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grape logo

What is Grape?

Grape is a REST-like API micro-framework for Ruby. It's built to complement existing web application frameworks such as Rails and Sinatra by providing a simple DSL to easily develop RESTful APIs. It has built-in support for common conventions, including multiple formats, subdomain/prefix restriction, content negotiation, versioning and much more.

Build Status

Project Tracking

Stable Release

You're reading the documentation for the next release of Grape. The current stable release is 0.2.1.

Installation

Grape is available as a gem, to install it just install the gem:

gem install grape

If you're using Bundler, add the gem to Gemfile.

gem 'grape'

Run bundle install.

Basic Usage

Grape APIs are Rack applications that are created by subclassing Grape::API. Below is a simple example showing some of the more common features of Grape in the context of recreating parts of the Twitter API.

class Twitter::API < Grape::API
  version 'v1', :using => :header, :vendor => 'twitter'

  helpers do
    def current_user
      @current_user ||= User.authorize!(env)
    end

    def authenticate!
      error!('401 Unauthorized', 401) unless current_user
    end
  end

  resource :statuses do

    desc "Returns a public timeline."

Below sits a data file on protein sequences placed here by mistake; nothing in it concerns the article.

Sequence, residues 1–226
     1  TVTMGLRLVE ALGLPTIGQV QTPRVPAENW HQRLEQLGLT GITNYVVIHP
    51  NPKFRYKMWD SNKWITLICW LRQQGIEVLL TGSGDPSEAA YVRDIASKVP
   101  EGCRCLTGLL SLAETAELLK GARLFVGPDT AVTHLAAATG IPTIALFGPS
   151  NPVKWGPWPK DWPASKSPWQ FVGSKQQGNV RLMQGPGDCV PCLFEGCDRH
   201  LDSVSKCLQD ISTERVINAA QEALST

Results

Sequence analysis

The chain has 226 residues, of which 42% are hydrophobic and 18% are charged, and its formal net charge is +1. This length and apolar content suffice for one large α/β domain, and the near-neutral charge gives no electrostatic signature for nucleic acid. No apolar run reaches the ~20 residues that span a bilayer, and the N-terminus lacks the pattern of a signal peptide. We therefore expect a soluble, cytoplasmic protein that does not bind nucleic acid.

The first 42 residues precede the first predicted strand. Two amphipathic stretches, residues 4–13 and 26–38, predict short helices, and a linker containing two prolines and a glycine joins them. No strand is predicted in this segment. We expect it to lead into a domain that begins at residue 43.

get :public_timeline do
      Tweet.limit(20)
    end

    desc "Returns a personal timeline."
    get :home_timeline do
      authenticate!
      current_user.home_timeline
    end

    desc "Returns a tweet."
    params do
      requires :id, :type => Integer, :desc => "Tweet id."
    end
    get '/show/:id' do
      Tweet.find(params[:id])
    end

    desc "Creates a tweet."
    params do
      requires :status, :type => String, :desc => "Your status."
    end
    post :update do
      authenticate!
      Tweet.create(
        :user => current_user,
        :text => params[:status]
      )
    end
  end

end

Mounting

Rack

The above sample creates a Rack application that can be run from a rackup config.ru file with rackup:

run Twitter::API

And would respond to the following routes:

GET  /statuses/public_timeline(.json)
GET  /statuses/home_timeline(.json)
GET  /statuses/show/:id(.json)
POST /statuses/update(.json)

Rails

In a Rails application, modify config/routes:

mount Twitter::API => "/"

Modules

You can mount multiple API implementations inside another one. These don't have to be different versions, but may be components of the same API.

class Twitter::API < Grape::API
  mount Twitter::APIv1
  mount Twitter::APIv2
end

Versioning

There are three strategies in which clients can reach your API's endpoints: :header, :path and :param. The default strategy is :header.

Header

version 'v1', :using => :header

Using this versioning strategy, clients should pass the desired version in the HTTP Accept head.

curl -H Accept=application/vnd.twitter-v1+json http://localhost:9292/statuses/public_timeline